As Salem undid his school tie and slumped on one of the kitchen chairs, he listened for the kettle he’d just clicked on to whistle. His mother had been standing at the sink when he’d gotten home, dutifully polishing one of the big soup ladles. The bowl of it sparkled and reflected like a parabolic mirror, but she continued to polish like she expected it to do something more.
“You’re tracking blood in,” his mother grumbled, looking into the distorted reflection on the spoon. “You just killed your tutor, didn’t you?”
Salem looked back across the rug he’d crossed between the kitchen and the front door, dark spots dotting a trail. They could have been anything, he thought, except considering the last mess he tracked in, blood was not an unreasonable assumption.
“Maybe that’s my blood,” said Salem.
“You know full well it’s not your blood,” his mother sniffed. Salem didn’t answer and instead opted to chew on his thumbnail. It was a bad habit, and any other day his mother would have admonished him for it. Instead, she put down the ladle and picked up a pair of tongs from the sink.
“I’m just trying to make you happy,” he said.
“This is unsustainable,” she said curtly.
“That’s what I thought the first time,” said Salem, biting down on his nail. He really wished he had a cigarette — another one, at least, as he’d nearly had a whole pack since the lesson and home — but he couldn’t, not in front of his mother. Though she had to be able to smell all the smoke on him, it was still not a habit he had formally introduced her to, and now was definitely not the time.
“This was not an unsustainable plan to begin with, but when you keep killing them off without even thinking about what you’re doing — ”
“Who says I wasn’t thinking about what I was doing?” said Salem.
“If you had thought about what you were doing, you wouldn’t have done it without consulting me.”
“I can make my own decisions. I think I made the right one.”
“And you’re going to keep thinking that until you’re caught,” said his mother. “The same thing happened to my sister. There’s a reason you work slow. If a few of them die, it seems like it’s because of their own wicked devices. If there’s a particular student who keeps killing them off weeks after they’ve been accepted, they start to notice things.”
“I think it was necessary, this time,” said Salem. “You don’t know what he did.”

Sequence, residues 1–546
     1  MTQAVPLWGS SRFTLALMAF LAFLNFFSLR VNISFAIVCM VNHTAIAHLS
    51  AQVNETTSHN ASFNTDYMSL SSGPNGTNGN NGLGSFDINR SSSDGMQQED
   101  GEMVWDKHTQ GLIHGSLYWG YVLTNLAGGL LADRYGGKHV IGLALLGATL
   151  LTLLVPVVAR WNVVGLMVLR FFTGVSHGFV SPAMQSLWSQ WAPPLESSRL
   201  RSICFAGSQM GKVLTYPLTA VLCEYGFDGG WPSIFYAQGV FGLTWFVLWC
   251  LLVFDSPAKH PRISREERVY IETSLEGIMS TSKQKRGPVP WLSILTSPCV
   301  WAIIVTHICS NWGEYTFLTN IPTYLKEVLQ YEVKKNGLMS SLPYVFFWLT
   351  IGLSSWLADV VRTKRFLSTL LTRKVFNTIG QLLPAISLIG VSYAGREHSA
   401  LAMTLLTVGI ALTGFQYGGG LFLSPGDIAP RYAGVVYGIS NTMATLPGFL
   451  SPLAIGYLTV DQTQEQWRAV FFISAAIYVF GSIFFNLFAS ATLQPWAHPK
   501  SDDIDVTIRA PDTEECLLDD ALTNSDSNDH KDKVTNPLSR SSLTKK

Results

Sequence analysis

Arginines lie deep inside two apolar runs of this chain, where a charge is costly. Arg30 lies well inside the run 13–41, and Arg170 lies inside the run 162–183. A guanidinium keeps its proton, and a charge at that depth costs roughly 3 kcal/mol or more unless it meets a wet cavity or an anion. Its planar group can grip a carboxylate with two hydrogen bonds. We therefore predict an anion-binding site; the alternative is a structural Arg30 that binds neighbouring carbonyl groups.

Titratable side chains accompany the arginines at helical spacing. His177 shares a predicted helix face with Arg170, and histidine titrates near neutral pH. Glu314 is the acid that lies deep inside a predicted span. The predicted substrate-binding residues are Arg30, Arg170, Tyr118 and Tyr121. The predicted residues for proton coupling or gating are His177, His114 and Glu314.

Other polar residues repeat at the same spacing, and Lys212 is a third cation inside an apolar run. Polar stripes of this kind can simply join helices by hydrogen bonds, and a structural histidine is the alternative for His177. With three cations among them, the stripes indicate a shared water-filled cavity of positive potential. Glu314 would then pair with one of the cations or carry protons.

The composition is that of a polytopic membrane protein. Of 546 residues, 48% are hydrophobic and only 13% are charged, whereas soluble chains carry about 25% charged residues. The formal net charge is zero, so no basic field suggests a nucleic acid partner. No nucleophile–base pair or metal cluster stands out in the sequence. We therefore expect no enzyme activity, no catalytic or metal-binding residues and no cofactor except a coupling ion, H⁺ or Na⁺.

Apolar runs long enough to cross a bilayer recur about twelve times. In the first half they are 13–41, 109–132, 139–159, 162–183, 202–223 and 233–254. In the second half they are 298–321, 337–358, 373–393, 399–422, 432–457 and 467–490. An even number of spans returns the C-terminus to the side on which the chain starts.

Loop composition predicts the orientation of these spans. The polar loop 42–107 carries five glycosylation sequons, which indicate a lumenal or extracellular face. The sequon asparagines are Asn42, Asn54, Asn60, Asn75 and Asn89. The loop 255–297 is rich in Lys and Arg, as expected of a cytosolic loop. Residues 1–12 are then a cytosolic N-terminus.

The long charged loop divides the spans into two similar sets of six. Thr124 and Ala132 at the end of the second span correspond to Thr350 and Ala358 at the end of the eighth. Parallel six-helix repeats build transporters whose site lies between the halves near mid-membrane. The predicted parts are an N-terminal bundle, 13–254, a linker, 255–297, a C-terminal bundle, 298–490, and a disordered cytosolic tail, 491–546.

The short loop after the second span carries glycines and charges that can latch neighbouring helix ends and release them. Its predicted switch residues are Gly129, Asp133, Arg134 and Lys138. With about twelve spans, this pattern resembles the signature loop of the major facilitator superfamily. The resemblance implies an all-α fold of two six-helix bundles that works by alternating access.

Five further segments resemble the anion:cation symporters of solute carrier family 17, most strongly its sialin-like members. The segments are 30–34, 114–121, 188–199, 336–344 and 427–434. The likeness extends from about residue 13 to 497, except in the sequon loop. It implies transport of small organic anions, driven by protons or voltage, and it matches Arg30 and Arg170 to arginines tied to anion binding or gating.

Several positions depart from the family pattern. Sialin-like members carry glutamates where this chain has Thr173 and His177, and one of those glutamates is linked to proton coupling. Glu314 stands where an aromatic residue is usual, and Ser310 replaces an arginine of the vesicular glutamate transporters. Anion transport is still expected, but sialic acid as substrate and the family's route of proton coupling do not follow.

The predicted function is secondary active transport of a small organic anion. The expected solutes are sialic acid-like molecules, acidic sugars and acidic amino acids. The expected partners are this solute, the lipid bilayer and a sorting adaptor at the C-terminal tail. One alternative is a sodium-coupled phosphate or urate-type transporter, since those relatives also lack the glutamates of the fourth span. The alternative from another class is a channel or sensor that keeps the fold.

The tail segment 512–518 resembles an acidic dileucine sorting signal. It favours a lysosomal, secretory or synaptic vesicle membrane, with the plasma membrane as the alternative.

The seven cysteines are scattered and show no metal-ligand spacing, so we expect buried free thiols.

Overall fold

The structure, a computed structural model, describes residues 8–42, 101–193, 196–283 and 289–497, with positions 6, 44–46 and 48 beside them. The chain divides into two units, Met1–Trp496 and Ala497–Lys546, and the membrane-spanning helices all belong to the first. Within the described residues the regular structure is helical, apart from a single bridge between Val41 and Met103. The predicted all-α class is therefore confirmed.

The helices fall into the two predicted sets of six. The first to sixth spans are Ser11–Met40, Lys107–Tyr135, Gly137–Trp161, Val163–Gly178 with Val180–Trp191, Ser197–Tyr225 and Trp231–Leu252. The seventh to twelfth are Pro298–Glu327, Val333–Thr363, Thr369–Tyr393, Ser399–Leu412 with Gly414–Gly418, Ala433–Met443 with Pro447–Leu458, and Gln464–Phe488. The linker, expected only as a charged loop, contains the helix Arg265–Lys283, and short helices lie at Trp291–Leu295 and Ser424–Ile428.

“Let me guess,” said his mother mockingly, swishing the tongs in her hand like a wand. “He gave you an envelope, and it had some hair from one of his other students, and he wanted you to practice a curse setup for him because the student was late paying her dues.”
“Mom,” Salem started, but she didn’t look at him, didn’t stop waving those tongs.
“And it’s a highly disproportionate curse, you note, and he says it’s because he wants you to try something harder than what you’ve been doing! It’s a wasting illness or seven years of bad luck or something like that, not a normal retribution for a kid with late fees like nightly charlie horses or never being able to find a pen when you need one. And you think, maybe, there’s a reason why this girl did not pay her fees. Maybe she came on some hard times, and it’s not her fault her parents couldn’t give her the money.”
“Mom, you can — ” But she couldn’t stop. Well, wouldn’t, anyway. Salem’s face began to burn hotter than the lamp he’d used to do the deed.
“Or maybe she has paid her fees, and there’s just something cruel and warped and twisted about this man, and you’re sure that if you refuse to do this thing, he’s just going to find a few hairs you leave behind and try the same thing on you with another student. So, you did what you had to do, and that was kill him before you left the lesson.”
The clock on the wall ticked down mercilessly.
“Am I wrong?” his mother asked.
“It was a boy, not a girl,” said Salem finally, the blood draining from his face.
His mother smiled. “I was thinking you were getting too lucky, not finding new tutors who do this sort of hazing.”
“Was I wrong to kill him?”
“You were wrong to kill him then, yes.”
“What was I supposed to do?”
“It never crossed your mind to oh-so-innocently mess up? To switch out some materials, maybe?” asked his mother. He had done that particular curse before, the one the tutor had asked him to do. And he’d done it exactly right and it had worked, and the cursed woman, the tutor, Ms. Matilda, had drowned in her own consommé the following week. “For such an apparently prized student you really are very dense.”
“You say that like it would have been easy,” said Salem.
“And cursing people is easier?”
“Yes! Yes, it is. It is.” It was shockingly easy, actually. He’d read Ms. Matilda’s obituary over and over again, and clipped it out of the paper to stare at it for the next week and had attended her funeral like a good student should. “It’s the only thing I’m good at.” His mother had laid out all the utensils from the sink on the rag. Tongs, ladle, fork, fork, knife, spatula, spoon…
“I’m sorry. I panicked. I’m sorry.”
“What did you do with the body?” asked his mother.
“Are you sure?”
“Gone in the way you said to make it gone, for sure.”
“Just don’t do it again,” she said with a sigh. The kettle whistled, finally, and she said nothing more. A further scolding couldn’t fix the dead.
H. L. Cassel works as a private tutor, writes, and has a variety of other preoccupations. Fortunately for all uninterested parties, none of them will be listed in this bio.